He, however, stated that a lot of work was being done by the Ministry of Petroleum Resources and the Nigerian National Petroleum Corporation to address the situation, adding that PMS importation burden on the NNPC was so much.
The minister, who spoke during the conclusion of the Nigeria International Petroleum Summit in Abuja, also stated that the country needed $100bn worth of investments in order to revive its oil and gas industry.
Responding to a question on how he intends to ensure that the petrol queues, which are gradually disappearing in Abuja and neighbouring states, did not reappear after the close of the NIPS, Kachikwu stated that he doubted if the situation had gone finally.
He said, “Even though I did tell the NNPC to make sure that there was no queue during this period, it should have been looked at literarily. It was basically saying that it’s gone on for a long time and you need to find a solution. The GMD has been very busy on a day-to-day basis and we are trying to implement whatever policies are in place currently to ensure that the queues do not come back. So I am sure we are going to continue to embed that policy.
“Has it gone away finally and for good? I don’t think so. I don’t think so in the sense that there are still a few things and there are importations taking place, there are reserves that are being rebuilt and so a bit of challenge. But I know what they’ve done is being able to manage the logistics angle very well.”
He added, “You also know that as we begin to trend into the late March period, the market dynamics change, products become slightly cheaper because of the summer and winter issues. So, what you might then have is that some marketers, who are on the fringes and who have efficiency levels, might begin to bring in a few cargoes themselves and supplement.
“But I’m hoping that before then, some of the resolutions that we have come to, which his Excellency is considering, would have been approved and it will give the NNPC a lot more leeway in terms of being able to address this issue. So I’m hoping it’s (petrol queues) not going to come back.”
The minister insisted that other marketers had to come into the business of petrol importation, as the burden was too much on the NNPC.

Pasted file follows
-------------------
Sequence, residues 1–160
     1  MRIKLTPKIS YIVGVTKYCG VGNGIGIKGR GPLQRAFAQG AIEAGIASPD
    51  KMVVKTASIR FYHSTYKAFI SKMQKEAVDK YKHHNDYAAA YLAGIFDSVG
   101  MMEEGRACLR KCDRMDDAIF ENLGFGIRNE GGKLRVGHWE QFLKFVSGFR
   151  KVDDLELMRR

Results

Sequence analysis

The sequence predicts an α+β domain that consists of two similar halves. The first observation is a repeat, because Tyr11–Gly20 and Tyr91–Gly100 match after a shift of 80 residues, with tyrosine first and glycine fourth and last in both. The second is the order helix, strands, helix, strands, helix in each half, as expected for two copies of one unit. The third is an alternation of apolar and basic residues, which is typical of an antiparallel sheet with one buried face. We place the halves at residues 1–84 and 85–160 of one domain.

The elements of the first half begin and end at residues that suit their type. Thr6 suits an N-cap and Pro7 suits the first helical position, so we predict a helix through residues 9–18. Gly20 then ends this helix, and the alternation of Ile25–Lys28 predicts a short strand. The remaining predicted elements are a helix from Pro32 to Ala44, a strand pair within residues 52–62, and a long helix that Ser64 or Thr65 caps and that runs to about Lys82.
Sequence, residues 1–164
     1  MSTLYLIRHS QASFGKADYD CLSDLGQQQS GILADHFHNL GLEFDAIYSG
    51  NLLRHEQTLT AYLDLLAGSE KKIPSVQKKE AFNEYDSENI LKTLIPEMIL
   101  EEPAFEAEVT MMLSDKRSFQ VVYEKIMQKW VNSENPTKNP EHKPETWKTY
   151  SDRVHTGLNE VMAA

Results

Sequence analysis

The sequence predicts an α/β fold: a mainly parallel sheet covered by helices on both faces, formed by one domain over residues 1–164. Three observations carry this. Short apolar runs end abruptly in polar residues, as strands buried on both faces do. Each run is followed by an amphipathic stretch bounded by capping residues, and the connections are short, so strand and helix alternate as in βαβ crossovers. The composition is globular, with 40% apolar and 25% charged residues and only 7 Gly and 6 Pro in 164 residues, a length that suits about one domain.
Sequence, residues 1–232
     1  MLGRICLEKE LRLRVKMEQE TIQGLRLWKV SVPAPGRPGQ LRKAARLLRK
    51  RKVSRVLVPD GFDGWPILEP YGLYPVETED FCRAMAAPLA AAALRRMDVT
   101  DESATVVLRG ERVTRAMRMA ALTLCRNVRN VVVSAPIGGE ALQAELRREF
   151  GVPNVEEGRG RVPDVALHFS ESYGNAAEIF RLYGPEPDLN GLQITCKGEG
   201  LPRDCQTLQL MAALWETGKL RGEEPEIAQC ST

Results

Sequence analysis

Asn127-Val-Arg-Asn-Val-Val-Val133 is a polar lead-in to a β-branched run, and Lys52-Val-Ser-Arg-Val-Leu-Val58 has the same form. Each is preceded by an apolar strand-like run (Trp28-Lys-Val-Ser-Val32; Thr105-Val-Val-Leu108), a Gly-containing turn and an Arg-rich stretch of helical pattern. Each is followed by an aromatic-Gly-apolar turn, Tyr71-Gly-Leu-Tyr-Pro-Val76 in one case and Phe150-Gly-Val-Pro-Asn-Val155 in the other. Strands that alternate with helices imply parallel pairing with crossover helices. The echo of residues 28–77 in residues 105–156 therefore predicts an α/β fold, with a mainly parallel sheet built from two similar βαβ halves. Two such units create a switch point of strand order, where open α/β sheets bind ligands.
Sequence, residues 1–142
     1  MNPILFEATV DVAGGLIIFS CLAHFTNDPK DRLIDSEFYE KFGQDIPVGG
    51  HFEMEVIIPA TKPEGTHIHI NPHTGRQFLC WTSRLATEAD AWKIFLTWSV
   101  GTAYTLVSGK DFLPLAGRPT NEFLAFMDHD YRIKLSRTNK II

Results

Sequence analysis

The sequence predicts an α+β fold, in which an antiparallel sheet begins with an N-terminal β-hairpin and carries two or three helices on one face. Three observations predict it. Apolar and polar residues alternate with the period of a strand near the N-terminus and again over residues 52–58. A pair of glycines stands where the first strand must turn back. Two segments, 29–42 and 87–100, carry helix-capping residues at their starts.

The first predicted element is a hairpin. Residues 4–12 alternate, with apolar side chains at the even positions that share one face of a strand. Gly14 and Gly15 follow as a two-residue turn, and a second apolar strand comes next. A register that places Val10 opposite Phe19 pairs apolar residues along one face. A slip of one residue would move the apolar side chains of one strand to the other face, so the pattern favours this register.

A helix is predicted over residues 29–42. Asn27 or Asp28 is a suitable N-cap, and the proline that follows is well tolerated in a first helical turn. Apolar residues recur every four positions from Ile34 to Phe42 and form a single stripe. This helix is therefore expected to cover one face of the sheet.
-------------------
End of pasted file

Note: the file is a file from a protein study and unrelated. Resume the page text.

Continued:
Kachikwu said, “It is critical that we bring back market players in terms of importation. It is too much of a burden to have the NNPC as the last supplier of the product to the country. It is not just something that can be achieved. They have done quite a lot of work this week, courtesy of the ultimatum that I gave, as they have succeeded in taking it out of Abuja.
“Not taking it out and resurfacing tomorrow, that is the issue we need to go and address. The endemic business model. The business model is that the landing price is higher than the sale price, and second is that we do not want to increase price. So, in between those two, we need to find things that enable us provide incentives to the private sector to come back to business.
“And it should be a short-term thing. Hopefully, it should be something that will last over the next 18 months, while the refineries are being re-kitted. But after that, if we still do not address the market fundamentals of the business, it will be like what you are suffering in power, whereby you have trapped 2,000MW of power that cannot be delivered because we have refused to pay the right price for power.”
He, however, observed that, “For now the directives we are working on is that no price increase because people are already going through a lot of groaning and difficult time. Obviously, the President is very concerned about that.”
On investments in the oil sector and where the government targets to get investors, Kachikwu stated that about $40bn worth of investments were being expected in Nigeria in few years’ time, but noted that the oil and gas sector needed $100bn investments to be revived.
He said, “I did mention that about $40bn investments are coming from three very unique projects: Egina, $15bn; the Bonga, which we are heading for FID is about $10bn; the Zabazaba is also about $12bn. We have investments that are coming into the downstream, to the refineries, which are invariable $2.5bn to $3bn, and the AKK pipeline is about $3bn.”
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